Everybody Knows It Gets Windy, Here
In the first few months of our lives as homeowners, a not-so-nice lady by the name of Isabel wreaked havoc on the East Coast. What luck that the first significant hurricane to hit the Hampton Roads area in my lifetime should occur before we’d even made our first mortgage payment.
Jenn and I opted to ride out the storm in the house, because we’ve been assured by the city that we’re in a no-flooding zone. (Thankfully, they were right.) Unfortunately, the winds got a little crazy, hitting upwards of 100 miles per hour. Our power went out before the worst of the storm even hit, so we were in the dark as our new house was pelted by driving rain and smacked by flying branches. My wife was furious at storm, running outside and screaming at Isabel, “Stop hitting our house!” You think I’m kidding, but I literally had to keep following after her, yelling, “Dammit, get back in here!” Every time we heard the sound of large branches striking the roof, she’d run out the door to curse at the storm.
The next morning, once the storm has passed in its entirety, we went outside to survey the damage. It was, all things considered, negligible: a shingle missing here, a piece of siding loose there. Not even worth calling the insurance company over, thankfully. Still, what were we going to do with these big-ass branches in our front yard, one so large it punched a six-inch hole in the ground? The largest cutting instrument in our repertoire was a little hacksaw, hanging from a nail on the wall in the garage.
So there I was, standing in the front yard, feeling like an idiot, but giving it my all, trying to cut branches with this tragic excuse for a saw, the tiny blade bending like it was made of rubber. Jenn was collecting smaller branches for a curbside pile. Various neighbors emerged cautiously from their homes to survey their own damage, and yet, despite all that they had to look at, I was convinced that what really caught their eye was my futile attempts to cut large branches with a hack saw.
Thankfully, I was right. Six nearby neighbors (three married couples) couldn’t help but notice how ridiculous I looked, and they came over with their chainsaws. This was our first real encounter with most of our neighbors. Hurricane Isabel introduced us to Willie and Donna, our next-door neighbors. “You look like you could use a little help,” said Willie.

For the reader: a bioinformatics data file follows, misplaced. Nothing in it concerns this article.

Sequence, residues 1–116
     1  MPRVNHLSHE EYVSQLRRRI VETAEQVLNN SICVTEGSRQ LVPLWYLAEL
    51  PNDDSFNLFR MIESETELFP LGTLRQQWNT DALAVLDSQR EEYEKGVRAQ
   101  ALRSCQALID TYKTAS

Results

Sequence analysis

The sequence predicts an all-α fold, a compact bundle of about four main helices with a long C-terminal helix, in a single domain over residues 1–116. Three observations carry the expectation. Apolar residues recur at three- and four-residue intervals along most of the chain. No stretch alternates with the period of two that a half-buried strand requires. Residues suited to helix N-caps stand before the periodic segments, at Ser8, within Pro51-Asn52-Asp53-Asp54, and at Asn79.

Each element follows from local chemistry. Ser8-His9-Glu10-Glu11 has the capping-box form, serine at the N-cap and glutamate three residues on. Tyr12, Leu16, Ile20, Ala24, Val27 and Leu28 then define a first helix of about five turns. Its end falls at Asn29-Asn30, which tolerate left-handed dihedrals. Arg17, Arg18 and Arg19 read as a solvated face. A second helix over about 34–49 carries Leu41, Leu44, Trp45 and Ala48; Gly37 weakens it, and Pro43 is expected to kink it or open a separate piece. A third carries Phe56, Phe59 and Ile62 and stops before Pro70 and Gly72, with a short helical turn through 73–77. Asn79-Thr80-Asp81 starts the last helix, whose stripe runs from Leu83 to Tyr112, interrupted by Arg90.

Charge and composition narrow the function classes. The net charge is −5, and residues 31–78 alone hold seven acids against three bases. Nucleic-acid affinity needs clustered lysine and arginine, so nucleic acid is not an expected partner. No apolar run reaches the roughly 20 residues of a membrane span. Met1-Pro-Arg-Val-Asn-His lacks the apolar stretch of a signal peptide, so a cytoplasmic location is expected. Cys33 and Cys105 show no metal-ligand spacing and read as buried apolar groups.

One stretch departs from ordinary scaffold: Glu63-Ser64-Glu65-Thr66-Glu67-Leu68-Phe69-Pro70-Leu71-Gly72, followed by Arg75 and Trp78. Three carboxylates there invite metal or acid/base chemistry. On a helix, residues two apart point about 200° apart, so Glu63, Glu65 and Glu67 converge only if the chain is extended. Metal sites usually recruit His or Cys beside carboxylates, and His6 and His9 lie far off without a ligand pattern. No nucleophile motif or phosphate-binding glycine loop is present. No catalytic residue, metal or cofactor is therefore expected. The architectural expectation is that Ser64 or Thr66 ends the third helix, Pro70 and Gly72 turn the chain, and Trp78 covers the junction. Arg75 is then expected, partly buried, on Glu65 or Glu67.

As the wives assisted Jenn with the smaller branches, the fellas fired up their chainsaws and tore through larger branches. Branches cut to manageable size and move the curbside, we set out together to wander down the street to the next house in need of assistance, to repeat the process.
The power was still out on the street as night crept in. At 6:00pm, the daughter of one of our neighbors knocked on our door, inviting us to a cookout. We offered our apologies, having nothing to contribute, but she told us not to worry about it. One of the guys in the neighborhood drove through the debris and got everything needed for a barbeque from the Wal-Mart, about five miles away. So we had a wonderful dinner with folks from several houses who joined us for a cookout in our neighbor’s yard. Jenn and I greatly appreciated their hospitality, and offered to return the favor, just as soon as we invested in a grill of our own.
We received a grill as a housewarming present a few weeks later, but, come to think of it, we still haven’t held that payback barbeque. But there’s plenty of time. We’re not planning on going anywhere, anytime soon.
Think I’ll Kick Off My Shoes and Stay Awhile
South Norfolk feels like an oasis of stability in the desert of the Hampton Roads naval community, where the population is constantly fluctuating and your neighbors change like the seasons. On Earle Avenue alone, Barry’s lived in his home for 40 years. Freddy Weaver, the bespectacled, gray-haired gentleman who lives across the street from us, has been a resident of the Avenue for almost 50 years, having bought the house from his mother. His wife, Betty, regularly makes sure that every holiday is represented in their front yard with decorations and displays to commemorate the occasion. Even Willie and Donna, who are about the same age as we are, have been here for 12 years now, and the kids they’ve raised here seem to have all turned out nicely.
So here I am, still in the area where I was born and raised. I’m not able to say that I’ve never felt a need to “escape”, to “find myself” elsewhere. On a few occasions, I’ve wondered what it might be like to live somewhere else, like in a big city, where I’d be the star music journalist on the staff of a major metropolitan newspaper or glossy weekly magazine. But how can I really complain? Most of my family is here. I met my wife in this town. We worked together for six years before I ever got up the nerve to ask her out, proving conclusively that I’m not a fast mover. Most of her family is here, too, so she’s in no rush to move elsewhere, either. She’s fond of saying that she’d follow me anywhere, but as there’s no doubt in my mind that she means it, I feel no need to make her prove it.
We all know how critical it is to keep independent voices alive and strong online. Please consider a donation to support our work as an independent publisher devoted to the arts and humanities. Your donation will help PopMatters stay viable through these changing and challenging times where advertising no longer covers our costs. We need your help to keep PopMatters publishing. Thank you.
// Marginal Utility
"The social-media companies have largely succeeded in persuading users of their platforms' neutrality. What we fail to see is that these new identities are no less contingent and dictated to us then the ones circumscribed by tradition; only now the constraints are imposed by for-profit companies in explicit service of gain.READ the article